In sinus node disease, you will see a pause with no P waves. In sinus arrest, the SA node takes a little vacation and doesn’t fire. So there will be a pause with no P waves and the length of the pause will be random. In SA block, the SA node continues to fire but can’t depolarize the atrium. So, again there are absent P waves, however the length of the pause will be a multiple of the normal P-P length. Meaning, if you make believe a P wave happened during the pause at it’s expected location, the next P wave will come on time.

Finally, if the pause is due to AV block (2nd or 3rd degree), there will be P waves coming on time with no QRS complex following.

In our case, the patient has a prolonged pause with no P waves and is consistent with sinus node disease.

The patient had a transvenous pacemaker placed and subsequently had a permanent pacemaker inserted.

The following algorithm is useful in diagnosing pauses:

Algorithm Pauses.jpg

EKG of the Week 2019 4-7

This EKG comes courtesy of Dr. Tony Gao.

A 68 year old male presents complaining of chest pain and SOB x 2 hour. Described as pressure-like. Non-radiating. Began with mild exertion.  Has been persistent since.

Vital signs: Pulse – 65, Respirations – 18, BP 140/90.

His EKG is below.

2019 4-7.jpg

1.      What does the EKG demonstrate?

2.      How would you manage this patient?

ANSWER:

The EKG shows ST elevation in lead I and aVL consistent with a lateral wall MI.

The patient should be managed as a STEMI with antiplatelet therapy and urgent revascularization.

 

 

The EKG shows ST elevations in lead I and aVL as well as 0.5 mm ST elevations in leads V5 and V6. There are reciprocal depressions in lead III.

 

ST elevations represent acute injury to the myocardium. Leads II, III and aVF look at the inferior wall. Leads V1 and V2 look at the interventricular septum. Leads V3 and V4 look at the anterior wall. Leads V5, V6, I and aVL look at the lateral wall.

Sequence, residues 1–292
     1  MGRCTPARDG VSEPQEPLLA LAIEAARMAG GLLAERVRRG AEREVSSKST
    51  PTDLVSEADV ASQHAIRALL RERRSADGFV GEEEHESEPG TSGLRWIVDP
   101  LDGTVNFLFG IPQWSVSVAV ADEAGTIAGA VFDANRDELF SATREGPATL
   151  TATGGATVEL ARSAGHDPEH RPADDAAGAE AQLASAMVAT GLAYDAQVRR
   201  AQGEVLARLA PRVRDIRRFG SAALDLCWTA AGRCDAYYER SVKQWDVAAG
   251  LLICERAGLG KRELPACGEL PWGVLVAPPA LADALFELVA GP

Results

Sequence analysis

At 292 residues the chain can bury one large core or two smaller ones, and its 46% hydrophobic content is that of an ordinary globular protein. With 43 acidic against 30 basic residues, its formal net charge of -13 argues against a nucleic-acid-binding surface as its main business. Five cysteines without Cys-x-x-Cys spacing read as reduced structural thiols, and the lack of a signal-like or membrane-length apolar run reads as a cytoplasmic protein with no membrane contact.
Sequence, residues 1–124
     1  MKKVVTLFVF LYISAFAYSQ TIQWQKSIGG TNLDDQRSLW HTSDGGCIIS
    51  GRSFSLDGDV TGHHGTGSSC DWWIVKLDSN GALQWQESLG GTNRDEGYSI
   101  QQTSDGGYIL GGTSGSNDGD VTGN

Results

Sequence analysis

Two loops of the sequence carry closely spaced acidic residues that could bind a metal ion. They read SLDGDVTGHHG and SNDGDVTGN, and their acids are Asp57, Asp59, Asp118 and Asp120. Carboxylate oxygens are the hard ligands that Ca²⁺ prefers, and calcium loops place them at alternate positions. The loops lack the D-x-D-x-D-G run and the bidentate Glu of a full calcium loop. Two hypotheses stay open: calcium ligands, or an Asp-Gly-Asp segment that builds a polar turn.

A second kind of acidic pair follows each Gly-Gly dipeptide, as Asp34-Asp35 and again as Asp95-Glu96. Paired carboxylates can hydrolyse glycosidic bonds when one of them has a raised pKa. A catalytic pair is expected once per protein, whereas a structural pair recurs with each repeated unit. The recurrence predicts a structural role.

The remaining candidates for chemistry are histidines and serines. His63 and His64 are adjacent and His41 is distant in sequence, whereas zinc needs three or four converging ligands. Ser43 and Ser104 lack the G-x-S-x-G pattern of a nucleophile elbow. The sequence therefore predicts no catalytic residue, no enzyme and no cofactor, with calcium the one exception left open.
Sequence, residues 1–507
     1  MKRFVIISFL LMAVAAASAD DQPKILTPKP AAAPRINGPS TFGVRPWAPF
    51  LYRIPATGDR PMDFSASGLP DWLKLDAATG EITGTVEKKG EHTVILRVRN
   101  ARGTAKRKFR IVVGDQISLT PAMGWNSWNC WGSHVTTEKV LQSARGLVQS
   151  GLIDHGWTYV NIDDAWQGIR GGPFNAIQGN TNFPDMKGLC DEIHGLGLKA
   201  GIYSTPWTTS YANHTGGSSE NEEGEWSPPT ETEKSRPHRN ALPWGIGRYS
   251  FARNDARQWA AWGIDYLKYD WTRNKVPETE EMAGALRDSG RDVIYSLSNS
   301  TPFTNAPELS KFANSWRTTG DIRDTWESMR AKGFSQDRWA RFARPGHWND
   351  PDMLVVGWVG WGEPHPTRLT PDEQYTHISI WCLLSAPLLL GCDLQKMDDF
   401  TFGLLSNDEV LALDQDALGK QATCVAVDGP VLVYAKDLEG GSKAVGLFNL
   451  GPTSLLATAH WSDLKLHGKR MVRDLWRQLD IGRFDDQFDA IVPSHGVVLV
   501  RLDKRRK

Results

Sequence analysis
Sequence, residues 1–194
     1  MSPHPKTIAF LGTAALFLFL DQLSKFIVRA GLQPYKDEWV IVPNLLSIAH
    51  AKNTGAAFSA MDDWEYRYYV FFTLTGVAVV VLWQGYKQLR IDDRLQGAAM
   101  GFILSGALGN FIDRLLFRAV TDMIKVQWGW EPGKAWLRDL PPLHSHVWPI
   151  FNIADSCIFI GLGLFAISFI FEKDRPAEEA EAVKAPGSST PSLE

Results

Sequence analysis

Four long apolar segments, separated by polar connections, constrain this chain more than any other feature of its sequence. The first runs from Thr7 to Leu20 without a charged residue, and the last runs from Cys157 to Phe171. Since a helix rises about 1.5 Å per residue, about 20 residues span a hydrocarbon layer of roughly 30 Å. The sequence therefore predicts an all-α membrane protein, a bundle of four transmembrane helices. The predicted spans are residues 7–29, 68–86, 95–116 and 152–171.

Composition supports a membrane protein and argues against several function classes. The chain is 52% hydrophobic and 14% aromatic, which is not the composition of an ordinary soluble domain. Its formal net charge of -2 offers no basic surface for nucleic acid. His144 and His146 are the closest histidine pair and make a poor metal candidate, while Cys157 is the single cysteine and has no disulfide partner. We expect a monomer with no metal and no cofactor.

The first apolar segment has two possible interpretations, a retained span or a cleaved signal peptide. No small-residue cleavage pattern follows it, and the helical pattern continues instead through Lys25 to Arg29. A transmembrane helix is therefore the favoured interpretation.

The most common location of a STEMI is in the inferior wall. Next is the anterior wall and the least common location is the lateral wall. Lateral wall ST elevations are often more subtle than in other walls of the heart.

 

Our patient went to the cath lab and was found to have a 100% occlusion of the left circumflex artery. He had a successful PCI and did well.

EKG of the Week 2019 3-17

This EKG comes courtesy of Dr. Podlog, Dr. Zhi, and Dr. S. Hassan.

 

An 83 year old female presented to the emergency department complaining of dizziness and sob on exertion for two days. Her first EKG is below (EKG A):

2019 3-17a.jpg

She later had a second EKG (EKG B):

2019 3-17b.jpg

 

1.    What does EKG A demonstrate?

2.    What does EKGB demonstrate?

3.    How would you manage this patient?

ANSWER:

EKG A shows a 2:1 AV block with a ventricular rate of 40.

EKG B shows a 3rd degree AV block.

The patient should have a pacemaker placed.

 

The patient presented with dizziness and SOB and was found to be bradycardic. The EKG helps elucidate the type of bradycardia.

EKG a shows bradycardia with the presence of P waves but some dropped P waves. This can occur in 2nd degree or 3rd degree AV block. On EKG A, it appears that some P waves are followed by QRS complexes and others are not. This is consistent with 2nd degree AV block. Every 2nd P wave is dropped, so we can not tell if it is 2nd degree type I or 2nd degree type II.

However, on the repeat EKG, there appears to be no relationship between the P waves and the QRS complexes. The R-R intervals are regular and the PR intervals are irregular. This is consistent with 3rd degree AV block.